Lee, Vanessa Eileen (2005) Characterising dissolved nitrate in precipitation using stable nitrogen and oxygen isotopes. Masters thesis, Memorial University of Newfoundland.
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Single event precipitation samples were collected at two sites in Newfoundland for stable isotopic analysis of nitrogen and oxygen of dissolved nitrate. Nitrate, the second largest acidifying component of rain, is formed during the oxidation of NO and NO₂, collectively known as NOx, as well as other nitrogen species. Both natural and anthropogenic sources exist, however fossil fuel combustion in power plants and vehicles are the main contributors of NOx to the atmosphere. Nitrogen isotopes of nitrate may give insight into the source of the atmospheric oxinitrogen species, while oxygen isotopes may provide information about the type of oxidation the NOx emissions have undergone. The isotopic signatures, in combination with chemical and meteorological data, were used to characterise the main controls of the nitrate in the precipitation. -- The two sites chosen for this study represent different types of environments: St. John's is a marine/urban location, while McIvers is a marine/rural site with no major point sources in the area. St. John's precipitation samples generally displayed characteristics of oil combustion emissions from stationary sources (high V, Ni) with smaller inputs from the ocean. Samples collected at McIvers were not as strongly affected by inputs from fossil fuel combustion, and generally had stronger marine signatures along with wood combustion and vehicle emissions. However, several samples collected at this location did display characteristics of oil combustion as well as smelting processes, confirming that the site is affected by long range transport of pollutants from North America. -- Nitrogen isotopes appear to be controlled by the source of the nitrogen emissions. Fossil fuel combustion in stationary sources results in δ¹⁵N values close to 0‰, vehicle NOx emissions range from -2 to -13‰, while natural sources such as soil and oceanic emissions can result in NOx with values as low as -20‰. A seasonality in δ¹⁵N was observed at both sites, whereby samples collected during the warmer season (Apr.-Sept.) exhibited more positive δ¹⁵N values than those collected during the cold season (Oct.-Mar.). Chemical data revealed that both sites were affected more strongly by anthropogenic emissions during the warm months, while the influence of the ocean was dominant during the cold periods. -- The oxygen isotopic composition of nitrate in this study appears to be controlled by atmospheric transformations of the oxinitrogen species, which are related to temperature. Summer samples, mainly oxidised by ozone, had more positive ¹⁸O signatures than their winter counterparts. There is no evidence that the δ¹⁸O of the nitrate in this study is controlled by the sources of the nitrate. -- This study has provided valuable isotopic measurements of atmospheric nitrate. To the author's knowledge, the method used in this study for isolating and processing dissolved nitrate in precipitation for stable isotopic analysis had not been previously applied to single rain events, making this study unique. As well, it has shown through the combination of isotopic and chemical data how nitrogen isotopes of precipitation nitrate are controlled by sources, while the oxygen isotopes of these compounds are controlled by atmospheric oxidation processes.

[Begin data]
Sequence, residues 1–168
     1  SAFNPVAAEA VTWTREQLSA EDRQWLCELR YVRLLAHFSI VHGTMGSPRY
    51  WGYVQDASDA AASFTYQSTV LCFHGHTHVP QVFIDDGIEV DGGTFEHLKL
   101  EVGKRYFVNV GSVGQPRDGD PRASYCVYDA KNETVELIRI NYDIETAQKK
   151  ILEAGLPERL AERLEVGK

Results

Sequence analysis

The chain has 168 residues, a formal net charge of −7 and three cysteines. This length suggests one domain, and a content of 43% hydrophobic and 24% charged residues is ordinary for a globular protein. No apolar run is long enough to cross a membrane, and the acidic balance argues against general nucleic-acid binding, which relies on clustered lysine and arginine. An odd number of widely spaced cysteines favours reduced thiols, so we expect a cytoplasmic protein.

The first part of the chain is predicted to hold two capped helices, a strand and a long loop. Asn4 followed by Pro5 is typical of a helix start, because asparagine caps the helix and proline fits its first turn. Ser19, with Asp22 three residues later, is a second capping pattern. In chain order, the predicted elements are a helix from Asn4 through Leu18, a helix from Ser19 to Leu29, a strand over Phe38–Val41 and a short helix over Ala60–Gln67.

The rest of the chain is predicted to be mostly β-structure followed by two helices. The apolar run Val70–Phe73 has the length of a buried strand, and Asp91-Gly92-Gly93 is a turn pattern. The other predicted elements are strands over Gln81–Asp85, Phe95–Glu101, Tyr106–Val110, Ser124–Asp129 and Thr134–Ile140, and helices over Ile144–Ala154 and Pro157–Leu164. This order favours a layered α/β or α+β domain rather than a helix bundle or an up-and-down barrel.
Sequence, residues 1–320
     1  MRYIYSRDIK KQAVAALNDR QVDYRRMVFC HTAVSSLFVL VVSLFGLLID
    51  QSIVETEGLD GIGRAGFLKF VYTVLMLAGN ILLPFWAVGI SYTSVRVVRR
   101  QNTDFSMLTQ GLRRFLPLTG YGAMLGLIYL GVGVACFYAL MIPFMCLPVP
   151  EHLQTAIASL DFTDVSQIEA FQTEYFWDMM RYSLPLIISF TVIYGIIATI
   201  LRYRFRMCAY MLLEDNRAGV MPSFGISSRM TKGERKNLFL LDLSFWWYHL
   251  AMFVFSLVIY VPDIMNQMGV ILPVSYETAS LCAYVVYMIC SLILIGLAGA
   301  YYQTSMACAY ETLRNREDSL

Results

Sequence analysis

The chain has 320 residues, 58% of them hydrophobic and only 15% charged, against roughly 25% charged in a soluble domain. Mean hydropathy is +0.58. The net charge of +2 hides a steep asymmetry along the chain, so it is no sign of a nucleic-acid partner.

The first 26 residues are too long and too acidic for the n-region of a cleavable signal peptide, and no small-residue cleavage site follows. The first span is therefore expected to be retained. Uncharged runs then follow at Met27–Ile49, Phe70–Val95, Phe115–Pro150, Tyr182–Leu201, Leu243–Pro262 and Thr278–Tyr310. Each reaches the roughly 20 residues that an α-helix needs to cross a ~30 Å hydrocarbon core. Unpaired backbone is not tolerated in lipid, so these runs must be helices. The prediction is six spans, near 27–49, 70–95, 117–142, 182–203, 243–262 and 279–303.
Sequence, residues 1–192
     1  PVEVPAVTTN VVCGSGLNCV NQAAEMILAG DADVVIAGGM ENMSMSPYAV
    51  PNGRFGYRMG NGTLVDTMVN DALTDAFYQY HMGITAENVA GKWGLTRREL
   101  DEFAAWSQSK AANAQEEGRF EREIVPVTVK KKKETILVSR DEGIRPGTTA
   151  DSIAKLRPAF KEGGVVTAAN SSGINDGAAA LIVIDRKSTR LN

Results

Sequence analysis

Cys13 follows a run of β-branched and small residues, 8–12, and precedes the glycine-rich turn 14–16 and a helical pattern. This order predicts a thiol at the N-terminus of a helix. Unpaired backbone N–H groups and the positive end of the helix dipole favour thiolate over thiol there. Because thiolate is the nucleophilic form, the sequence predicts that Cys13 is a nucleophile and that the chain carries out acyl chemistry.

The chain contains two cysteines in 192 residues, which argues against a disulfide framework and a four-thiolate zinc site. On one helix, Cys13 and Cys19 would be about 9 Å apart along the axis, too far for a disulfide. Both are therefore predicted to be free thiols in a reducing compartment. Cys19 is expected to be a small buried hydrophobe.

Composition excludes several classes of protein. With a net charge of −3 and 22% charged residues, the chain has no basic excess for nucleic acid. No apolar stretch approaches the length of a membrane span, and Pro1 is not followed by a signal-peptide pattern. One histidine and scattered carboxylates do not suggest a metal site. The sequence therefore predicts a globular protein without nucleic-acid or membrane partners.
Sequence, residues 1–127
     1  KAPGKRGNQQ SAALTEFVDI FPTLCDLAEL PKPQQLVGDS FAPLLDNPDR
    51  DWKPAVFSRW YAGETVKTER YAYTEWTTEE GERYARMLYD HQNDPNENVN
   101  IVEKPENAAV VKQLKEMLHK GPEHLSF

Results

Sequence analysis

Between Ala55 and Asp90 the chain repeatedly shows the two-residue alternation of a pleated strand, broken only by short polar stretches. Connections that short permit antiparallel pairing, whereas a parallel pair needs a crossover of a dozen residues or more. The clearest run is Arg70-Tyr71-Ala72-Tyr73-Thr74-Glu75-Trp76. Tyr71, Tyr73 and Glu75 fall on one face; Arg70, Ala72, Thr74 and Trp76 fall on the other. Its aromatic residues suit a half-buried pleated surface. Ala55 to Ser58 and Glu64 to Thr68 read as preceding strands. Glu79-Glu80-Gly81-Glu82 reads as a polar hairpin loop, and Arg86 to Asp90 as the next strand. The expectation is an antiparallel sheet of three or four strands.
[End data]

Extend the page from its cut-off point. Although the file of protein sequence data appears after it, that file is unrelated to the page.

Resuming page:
|Item Type:||Thesis (Masters)|
|Additional Information:||Bibliography: leaves 139-147.|
|Department(s):||Science, Faculty of > Earth Sciences|
|Geographic Location:||Canada--Newfoundland and Labrador|
|Library of Congress Subject Heading:||Nitrates--Analysis; Isotope geology--Newfoundland and Labrador|
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